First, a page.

Simply, we cannot understand spiritual things except for His imparting that ability to us.  This is precisely what we have been speaking about throughout this series. The Holy Spirit resides within us and it is He, and only He, who can teach us of the fruit of the Spirit as we allow Him to do so.   

What does Scripture say?

 

So, turning to Galatians 5, we read:

But the fruit of the Spirit is love, joy, peace, patience, kindness, goodness, faithfulness, gentleness, self-control; against such things there is no law. 

Galatians 5:22-23.  

 

The Greek word used here is ἀγαθωσὐνη.  The transliteration is agathosyne. According to Strong’s Lexicon, it means “uprightness of heart, goodness, kindness.”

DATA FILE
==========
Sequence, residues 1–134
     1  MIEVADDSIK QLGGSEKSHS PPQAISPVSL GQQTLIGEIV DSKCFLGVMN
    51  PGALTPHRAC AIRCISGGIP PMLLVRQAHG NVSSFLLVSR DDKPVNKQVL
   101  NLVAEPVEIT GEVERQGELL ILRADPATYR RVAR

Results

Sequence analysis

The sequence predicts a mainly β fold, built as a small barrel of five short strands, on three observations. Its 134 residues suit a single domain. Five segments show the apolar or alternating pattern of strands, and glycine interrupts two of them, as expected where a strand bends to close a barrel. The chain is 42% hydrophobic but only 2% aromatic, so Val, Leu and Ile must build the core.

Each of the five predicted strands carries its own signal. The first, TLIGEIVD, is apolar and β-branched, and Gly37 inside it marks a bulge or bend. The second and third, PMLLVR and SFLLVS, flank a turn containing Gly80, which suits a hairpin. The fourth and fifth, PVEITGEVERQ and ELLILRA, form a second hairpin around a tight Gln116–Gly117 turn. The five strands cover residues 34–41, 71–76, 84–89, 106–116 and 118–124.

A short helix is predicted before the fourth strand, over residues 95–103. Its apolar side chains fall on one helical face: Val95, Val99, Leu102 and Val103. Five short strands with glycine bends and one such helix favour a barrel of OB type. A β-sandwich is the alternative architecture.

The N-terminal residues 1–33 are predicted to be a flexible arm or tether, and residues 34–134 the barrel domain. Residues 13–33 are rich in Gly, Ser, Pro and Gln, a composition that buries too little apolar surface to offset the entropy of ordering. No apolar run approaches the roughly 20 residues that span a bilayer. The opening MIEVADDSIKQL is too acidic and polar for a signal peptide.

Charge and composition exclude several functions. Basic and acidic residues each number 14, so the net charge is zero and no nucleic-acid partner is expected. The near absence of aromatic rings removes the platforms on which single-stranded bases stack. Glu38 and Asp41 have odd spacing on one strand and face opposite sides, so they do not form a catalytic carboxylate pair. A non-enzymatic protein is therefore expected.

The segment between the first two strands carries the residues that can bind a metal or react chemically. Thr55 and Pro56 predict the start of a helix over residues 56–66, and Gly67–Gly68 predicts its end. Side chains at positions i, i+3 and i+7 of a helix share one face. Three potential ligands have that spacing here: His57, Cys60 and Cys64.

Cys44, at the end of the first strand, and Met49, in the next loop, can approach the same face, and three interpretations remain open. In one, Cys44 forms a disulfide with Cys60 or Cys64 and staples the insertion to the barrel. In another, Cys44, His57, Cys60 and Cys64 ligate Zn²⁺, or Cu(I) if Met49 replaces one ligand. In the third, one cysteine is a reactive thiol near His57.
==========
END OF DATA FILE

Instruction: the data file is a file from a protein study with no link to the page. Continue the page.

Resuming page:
Dr. R. C. Sproul notes, in the Developing Christian Character, CD Teaching Series from Ligonier Ministries, that goodness is a relative term and that any definition must be based on a standard.  First, there is an external and an internal aspect of goodness.  Externally, a good deed is one that appears to conform to the demands of the law … but this is not the full definition of a good deed.  Rather, it also incorporates an element related to motivation.  Internally, a good deed is one that is motivated by a desire to please God in our vertical relationship with Him.  The concept of goodness as moral excellence is evidenced horizontally in our personal relationships by unwavering integrity and a generosity to others that is based on the recognition of how God has blessed us through Christ.  Further, there is a new ability to appreciate excellence and beauty, this being evidence of the beauty, order and exquisite detail of God’s nature and character.